I have no teaching this time in Vienna, it is semester break. Tomorrow I will be working on a bio-art experiment with a colleague and on Tuesday I have meetings and then in the evening I will attend a long awaited concert. Music has become so important to me again, as a bulwark against depression and loss of faith, which easily result from observation and consideration these days. This time it's Babymetal in Gasometer. Very different from Beethoven? Yes and no. I would never have fallen for this band if it wasn't for the compositions. Their best songs are incredibly complex and emotionally rich constructions, which have become etched into my mind since I first learned about them two years ago. To understand what I mean, go here and listen to the whole seven minutes of Ijime, Dame, Zettai without watching. Accept the speed, remember Beethoven, remember Geräusch. See the construction, listen to the details of the delivery. Then play again and watch. Enjoy the confusion, if this is your first time.

I have written an essay about this song and video, for an anthology with 25 writers, called "Hur låter Japan?" (What does Japan sound like?). It will be published by BCNVT in Sweden later this year. It's an important text for me.

January 25, 2020 – "Fog"
Last night, I arrived in Paris covered by thick fog. It was very still. Because of the strikes I was expecting all sorts of problems regarding transportation, but there was none. I met my friend Anne B. We had dinner and this morning we visited the exhibition "Tableaux Magiques" at the Musée Picasso. It's curated by Marilyn McCully and Michael Raeburn, who are also my friends – and I have been waiting to see it for months already. And I wanted to like it, even before seeing it, and was a little worried that this would not be the case.

Picasso is like... old school. Had there been Metoo back in his day, he would surely had problems. The world has moved on. Art has moved on. We have other problems.

I didn't need to. We do have other problems and concerns, yes. But the magic of a really good show is indeed transportation. You enter a carefully constructed world, which comes alive in you. I loved those paintings and their hyper activated language of signs. It felt like seeing all of them for the first time, also those I already knew.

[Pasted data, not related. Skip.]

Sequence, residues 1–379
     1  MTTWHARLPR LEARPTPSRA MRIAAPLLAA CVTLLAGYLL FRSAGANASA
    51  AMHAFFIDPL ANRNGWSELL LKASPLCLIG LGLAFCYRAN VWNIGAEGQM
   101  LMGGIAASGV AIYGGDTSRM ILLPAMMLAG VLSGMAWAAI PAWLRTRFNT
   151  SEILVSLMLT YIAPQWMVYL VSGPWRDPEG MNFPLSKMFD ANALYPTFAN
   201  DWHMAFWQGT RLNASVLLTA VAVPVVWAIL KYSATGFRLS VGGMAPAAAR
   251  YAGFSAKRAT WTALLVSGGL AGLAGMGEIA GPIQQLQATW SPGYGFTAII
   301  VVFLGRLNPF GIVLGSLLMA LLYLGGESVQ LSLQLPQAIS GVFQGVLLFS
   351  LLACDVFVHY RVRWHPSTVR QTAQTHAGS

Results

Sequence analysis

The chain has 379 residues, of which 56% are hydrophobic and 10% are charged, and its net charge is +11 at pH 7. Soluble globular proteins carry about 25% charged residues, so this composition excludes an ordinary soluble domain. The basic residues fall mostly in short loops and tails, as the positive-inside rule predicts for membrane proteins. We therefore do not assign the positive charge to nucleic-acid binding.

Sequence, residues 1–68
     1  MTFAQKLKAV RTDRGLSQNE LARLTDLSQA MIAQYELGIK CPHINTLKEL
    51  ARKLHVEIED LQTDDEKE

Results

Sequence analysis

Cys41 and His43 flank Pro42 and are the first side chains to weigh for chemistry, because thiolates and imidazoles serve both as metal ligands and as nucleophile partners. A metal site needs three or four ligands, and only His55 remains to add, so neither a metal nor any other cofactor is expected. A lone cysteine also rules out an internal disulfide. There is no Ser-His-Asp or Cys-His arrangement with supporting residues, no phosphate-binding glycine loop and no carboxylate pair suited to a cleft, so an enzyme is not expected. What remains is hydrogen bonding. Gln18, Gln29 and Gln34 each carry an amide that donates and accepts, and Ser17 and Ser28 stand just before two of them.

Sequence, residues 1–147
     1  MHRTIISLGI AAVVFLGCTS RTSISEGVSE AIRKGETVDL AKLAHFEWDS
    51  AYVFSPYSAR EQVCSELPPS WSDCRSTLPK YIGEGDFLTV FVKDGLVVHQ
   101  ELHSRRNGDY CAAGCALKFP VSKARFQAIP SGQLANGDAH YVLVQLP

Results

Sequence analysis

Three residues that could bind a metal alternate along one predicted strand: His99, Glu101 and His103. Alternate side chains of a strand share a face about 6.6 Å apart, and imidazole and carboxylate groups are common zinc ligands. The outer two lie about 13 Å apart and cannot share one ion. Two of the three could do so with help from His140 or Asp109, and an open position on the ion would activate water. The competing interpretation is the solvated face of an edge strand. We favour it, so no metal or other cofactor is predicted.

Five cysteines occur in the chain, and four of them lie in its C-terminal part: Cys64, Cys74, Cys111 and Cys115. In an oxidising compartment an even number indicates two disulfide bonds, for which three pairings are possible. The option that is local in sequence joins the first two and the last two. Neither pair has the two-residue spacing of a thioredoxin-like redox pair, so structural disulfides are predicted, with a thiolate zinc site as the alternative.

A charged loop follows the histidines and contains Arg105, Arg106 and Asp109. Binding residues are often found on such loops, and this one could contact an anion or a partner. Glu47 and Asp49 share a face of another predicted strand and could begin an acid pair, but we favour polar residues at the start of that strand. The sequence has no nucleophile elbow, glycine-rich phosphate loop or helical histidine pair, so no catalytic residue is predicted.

I then spent the rest of the day walking alone through the city. I saw burned Notre Dame. I saw places I know from so many times before. I have my memories. I felt happy I live in Berlin.

January 11, 2020 – "Waiting"
I'm in my studio, it's 2020 and the second Saturday morning of the new year and I am waiting for a transport to arrive. I'm sending paintings for my show at Galleri Flach in Stockholm. It will not open until February 15, but the work is finished and I'm happy to have it go. Last Monday I de-installed the show of prints at Bildraum01 in Vienna and these last weeks I have focusing not only on preparing my own show, but one of my students as well, at Hilger Next in Vienna. Fourteen of them, in an impressive white cube space. It will open in March and it is important for all of us. I'm stepping in and out of roles: artist, technician, teacher, curator, writer. There are other projects to attend to as well, relating to university or my own trajectory. Keep working. Try to do it right. Keep it all going. Try to build on what you have, to make it new and yet to be a development towards a better state. I like that idea: to make it new – from what you already have. Looking forward into the unknown, while seeing consistency and even logic when looking back. The title of my show in Stockholm will be "Monstruösiteter". Translated: Monstrosities. The noun doesn't really exist in Swedish, although the adjective does. The plural noun looks so ugly it becomes fascinating, and it's really hard to spell. I have become attached to this word. We already used it for a student show in Vienna at the end of 2018: "Monstrositäten".